Severed review for PS Vita

Platform: PS Vita
Publisher: Drinkbox Studios
Developer: Drinkbox Studios
Medium: Digital
Players: 1
Online: No

Even if you went into Severed without knowing that it was created by the same studio that also made Guacamelee, I suspect that you’d probably link the two after just a few minutes. While Drinkbox Studios’ latest isn’t completely identical to their previous game, the two share enough DNA that it wouldn’t be too hard to draw a line connecting one to the other.

For the most part, this is a good thing. Case in point: the graphics. Severed’s art style owes a great deal to that of Guacamelee, what with its bright colors and angular shapes, but it’s hard to bemoan its return when it looks so excellent. Even if the vast majority of the game consists of you traveling through dungeons and forests, because it has such a distinctive style, it never starts feeling stale or repetitive on the visual front.

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Likewise, the combat system is a lot of fun. Just as Guacamelee was defined by quick punches and kicks, Severed is all about slashing your way through enemies with perfect timing. Initially it can seem a little overwhelming, as you’re called upon to combine both touch controls and a thumbstick, but it doesn’t take long before the combination of slashing and turning becomes second nature. On this front, too, the game is balanced very nicely, demonstrating an impressive instinct for introducing new enemies just at the precise time the existing ones start to become easier to beat.

Unfortunately, there’s one area where Severed doesn’t build on the success of Guacamelee, and it’s what prevents this game from reaching the same dizzying heights as its Drinkbox Studios predecessor. I’m talking here of the game’s sense of humor. Anyone who played Guacamelee — or either of Drinkbox’s Mutant Blobs games that preceded it, for that matter — will be well aware of how good that game was at making you laugh. It took all kinds of memes and dumb jokes that could very easily have come off as dated, and turned them into surprisingly subtle visual gags that were nearly everywhere if you had an eye out for them. It was rarely laugh out loud hilarious, but they were so well-placed and well-timed, you would’ve had to have a total stone exterior to play that game and be grinning the whole way through.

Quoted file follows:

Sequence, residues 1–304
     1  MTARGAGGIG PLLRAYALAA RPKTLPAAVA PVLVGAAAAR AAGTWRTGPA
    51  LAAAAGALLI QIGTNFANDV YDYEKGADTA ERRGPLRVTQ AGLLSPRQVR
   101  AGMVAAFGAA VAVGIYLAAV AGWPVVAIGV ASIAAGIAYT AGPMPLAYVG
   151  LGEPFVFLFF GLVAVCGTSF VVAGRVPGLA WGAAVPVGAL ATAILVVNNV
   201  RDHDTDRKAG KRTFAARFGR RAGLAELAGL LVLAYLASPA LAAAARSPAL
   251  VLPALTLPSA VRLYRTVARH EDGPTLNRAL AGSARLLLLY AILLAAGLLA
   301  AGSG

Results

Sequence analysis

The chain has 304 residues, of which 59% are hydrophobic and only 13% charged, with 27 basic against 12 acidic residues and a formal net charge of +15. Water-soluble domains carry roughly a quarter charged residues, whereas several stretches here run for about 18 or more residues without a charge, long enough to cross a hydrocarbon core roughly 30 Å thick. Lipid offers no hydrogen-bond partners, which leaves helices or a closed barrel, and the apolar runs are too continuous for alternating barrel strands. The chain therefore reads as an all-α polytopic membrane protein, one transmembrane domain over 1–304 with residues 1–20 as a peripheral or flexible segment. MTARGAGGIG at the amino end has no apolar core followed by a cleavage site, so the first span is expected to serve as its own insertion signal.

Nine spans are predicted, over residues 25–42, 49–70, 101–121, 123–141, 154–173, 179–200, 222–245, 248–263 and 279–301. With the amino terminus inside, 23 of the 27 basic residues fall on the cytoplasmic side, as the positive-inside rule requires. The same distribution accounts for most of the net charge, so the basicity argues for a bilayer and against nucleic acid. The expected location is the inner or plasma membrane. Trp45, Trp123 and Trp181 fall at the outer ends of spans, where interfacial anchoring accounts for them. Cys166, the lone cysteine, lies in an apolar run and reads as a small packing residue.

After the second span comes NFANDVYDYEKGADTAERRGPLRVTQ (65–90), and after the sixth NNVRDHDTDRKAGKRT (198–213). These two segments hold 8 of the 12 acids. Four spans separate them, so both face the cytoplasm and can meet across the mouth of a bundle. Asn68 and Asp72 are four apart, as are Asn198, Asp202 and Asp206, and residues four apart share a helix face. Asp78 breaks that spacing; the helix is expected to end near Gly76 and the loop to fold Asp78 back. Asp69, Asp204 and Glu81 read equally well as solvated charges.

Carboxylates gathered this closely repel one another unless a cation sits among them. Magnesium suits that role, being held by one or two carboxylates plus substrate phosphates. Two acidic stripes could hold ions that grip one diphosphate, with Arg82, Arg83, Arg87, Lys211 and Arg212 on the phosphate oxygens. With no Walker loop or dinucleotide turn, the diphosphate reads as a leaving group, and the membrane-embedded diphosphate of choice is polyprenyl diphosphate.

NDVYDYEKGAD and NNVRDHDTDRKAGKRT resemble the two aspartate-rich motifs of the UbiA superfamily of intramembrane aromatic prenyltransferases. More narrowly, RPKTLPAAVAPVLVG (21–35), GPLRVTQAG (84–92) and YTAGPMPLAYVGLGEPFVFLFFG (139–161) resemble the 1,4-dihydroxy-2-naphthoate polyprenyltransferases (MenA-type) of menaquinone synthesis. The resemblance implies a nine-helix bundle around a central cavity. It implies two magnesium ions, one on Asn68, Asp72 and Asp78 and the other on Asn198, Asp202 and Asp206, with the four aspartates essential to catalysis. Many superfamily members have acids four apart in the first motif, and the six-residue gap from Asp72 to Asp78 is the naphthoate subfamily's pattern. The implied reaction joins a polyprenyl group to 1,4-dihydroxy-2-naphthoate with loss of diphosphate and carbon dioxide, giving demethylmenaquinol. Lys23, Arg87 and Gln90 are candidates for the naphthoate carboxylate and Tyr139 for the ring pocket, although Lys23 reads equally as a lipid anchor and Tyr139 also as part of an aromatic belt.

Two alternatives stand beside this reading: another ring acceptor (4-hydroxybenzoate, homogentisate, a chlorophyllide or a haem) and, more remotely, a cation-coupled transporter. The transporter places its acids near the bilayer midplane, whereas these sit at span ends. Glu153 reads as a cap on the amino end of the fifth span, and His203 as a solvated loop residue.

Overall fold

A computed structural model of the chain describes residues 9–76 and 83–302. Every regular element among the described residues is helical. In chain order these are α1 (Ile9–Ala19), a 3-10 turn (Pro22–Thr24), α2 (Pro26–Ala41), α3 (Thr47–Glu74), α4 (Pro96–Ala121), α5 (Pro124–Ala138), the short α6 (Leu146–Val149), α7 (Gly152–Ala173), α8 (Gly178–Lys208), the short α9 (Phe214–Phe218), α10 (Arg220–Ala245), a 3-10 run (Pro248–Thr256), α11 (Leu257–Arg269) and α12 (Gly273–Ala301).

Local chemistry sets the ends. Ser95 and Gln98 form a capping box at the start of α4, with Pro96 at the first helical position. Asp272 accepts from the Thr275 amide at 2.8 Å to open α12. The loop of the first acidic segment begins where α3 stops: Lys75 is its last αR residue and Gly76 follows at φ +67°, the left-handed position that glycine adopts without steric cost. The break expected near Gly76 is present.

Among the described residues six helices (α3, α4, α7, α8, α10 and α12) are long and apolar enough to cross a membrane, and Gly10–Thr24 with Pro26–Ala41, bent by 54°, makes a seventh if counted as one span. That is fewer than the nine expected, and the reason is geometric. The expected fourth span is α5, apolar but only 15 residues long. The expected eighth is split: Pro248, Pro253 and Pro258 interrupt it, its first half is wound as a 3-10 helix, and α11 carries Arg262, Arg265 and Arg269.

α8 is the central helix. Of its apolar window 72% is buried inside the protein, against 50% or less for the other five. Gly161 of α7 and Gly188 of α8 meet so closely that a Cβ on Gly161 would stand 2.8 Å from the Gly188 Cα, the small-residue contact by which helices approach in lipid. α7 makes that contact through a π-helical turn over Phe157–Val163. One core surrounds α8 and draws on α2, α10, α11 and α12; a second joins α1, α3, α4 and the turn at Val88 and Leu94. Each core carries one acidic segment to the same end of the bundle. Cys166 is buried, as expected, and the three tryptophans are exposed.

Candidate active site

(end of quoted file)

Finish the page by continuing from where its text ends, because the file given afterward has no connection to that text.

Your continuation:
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Severed doesn’t have that. Much has been made elsewhere about how Severed is kind of like a super-refined, no-frills approach to Guacamelee, but that’s really only true of the story — and unfortunately, I don’t think that change is for the better. I loved the visual humor in Drinkbox’s previous outings, so for them to tell a story that’s so sparse feels like a bit of a step backwards.

I hate even saying that, since on the whole, I rather enjoyed Severed. Like I said, the combat was outstanding, and the world in which it takes place is gorgeous and vibrant. Not only that, as a Vita diehard, it pains me to give an exclusive for the system anything other than a rave review. But I have to be honest here — and the unfortunate truth is, as good as Severed may be, it’s hard to shake the feeling that it could’ve been even better.

Grade: B+